But I guess there’s a new date for the sales surge again! Lol..

Patrick
Patrick
June 9, 2020 10:02 am

I hope they catch each and every person who willfully defrauded this program.

Agreed. And I hope the govt will spell out the rules more clearly as well, so there is no ambiguity. For example, they say things like “the benefit is available to workers who stopped working (laid off) because of reasons related to COVID-19”. Almost any layoff (or fall in self-employment income) could be deemed by the applicant to be “partially related” to CoVid in some way, is that OK with the govt?

Introvert
Introvert
June 9, 2020 8:52 am

On Friday, HSBC started offering a 5-year fixed for 1.99%.

First time in history that a Canadian bank dropped its insured 5-year fixed rate below 2%.

https://www.theglobeandmail.com/investing/personal-finance/household-finances/article-mixed-signals-a-canadian-bank-offers-a-record-breaking-low-fixed/

Local Fool
Local Fool
June 9, 2020 8:21 am

Now that would hurt.

Au contraire, that would be awesome. I hope they catch each and every person who willfully defrauded this program.

Cynic
Cynic
June 8, 2020 11:38 pm

Now that would hurt.

“CERB fraudsters could face fines or jail time, draft bill shows”

https://beta.ctvnews.ca/national/politics/2020/6/8/1_4974953.html

freedom_2008
freedom_2008
June 8, 2020 9:25 pm

A sad and complicated story of “Orchard House”, a leasehold (condo?) at 647 Michigan St:

“A group of James Bay leaseholders is on the hook for almost $1 million in legal fees after one resident unsuccessfully sued the property owner over the cost of new windows and patio doors.

It’s part of a years-long legal saga that has pitted residents of Orchard House, a leasehold building on Michigan Street, against one another, and against Westsea Construction, and pushed many to cut their losses and sell.”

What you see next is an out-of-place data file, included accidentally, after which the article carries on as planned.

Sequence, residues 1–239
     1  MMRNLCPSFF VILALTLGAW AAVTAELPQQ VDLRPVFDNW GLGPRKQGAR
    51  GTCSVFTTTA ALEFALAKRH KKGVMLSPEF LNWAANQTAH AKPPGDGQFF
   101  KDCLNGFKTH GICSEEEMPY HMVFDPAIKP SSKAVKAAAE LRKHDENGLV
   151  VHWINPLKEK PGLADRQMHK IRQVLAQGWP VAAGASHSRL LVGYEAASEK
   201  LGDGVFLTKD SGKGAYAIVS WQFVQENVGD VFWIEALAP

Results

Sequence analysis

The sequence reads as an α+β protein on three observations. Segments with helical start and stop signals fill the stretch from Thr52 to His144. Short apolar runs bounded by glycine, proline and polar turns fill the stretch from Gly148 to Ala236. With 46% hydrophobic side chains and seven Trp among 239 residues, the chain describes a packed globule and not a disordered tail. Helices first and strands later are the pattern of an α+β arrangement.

https://www.timescolonist.com/news/local/legal-imbroglio-over-windows-doors-divides-james-bay-leaseholders-they-face-1m-in-fees-1.24148124

Barrister
Barrister
June 8, 2020 9:21 pm

No crystal ball but I am guessing that this could be worse than some people imagine.

Umm..really?
Umm..really?
June 8, 2020 7:19 pm

Canada Guaranty follows Genworth and doesn’t change their underwriting standards

Hopefully the government removes any backing guarantees from these insurers as CMHC de-leverages the risk they seem to be eager to take on. The tax payer really shouldn’t be on the hook for the risk that these companies decide to take on.

Umm..really?
Umm..really?
June 8, 2020 3:52 pm

If they are able to get back to shrinking only 6.1% for the full year. That would be quite the bounce back.

A bounce back into a prolonged recession after a economic shutdown. You’re discussing levels of contraction not growth which means fewer people employed, less economic activity and less consumer spending then before the virus. It’s not a recovery until it gets back to growth.

James Soper
James Soper
June 8, 2020 3:32 pm

Stats module in the new combined MLS turned out to be very broken and produced incorrect statistics. Have reported it to them so hopefully will be fixed at some point.

Probably should be quick, just like the appraisal numbers glitch.

patriotz
patriotz
June 8, 2020 2:44 pm

Nasdaq hit all time record high today….what da!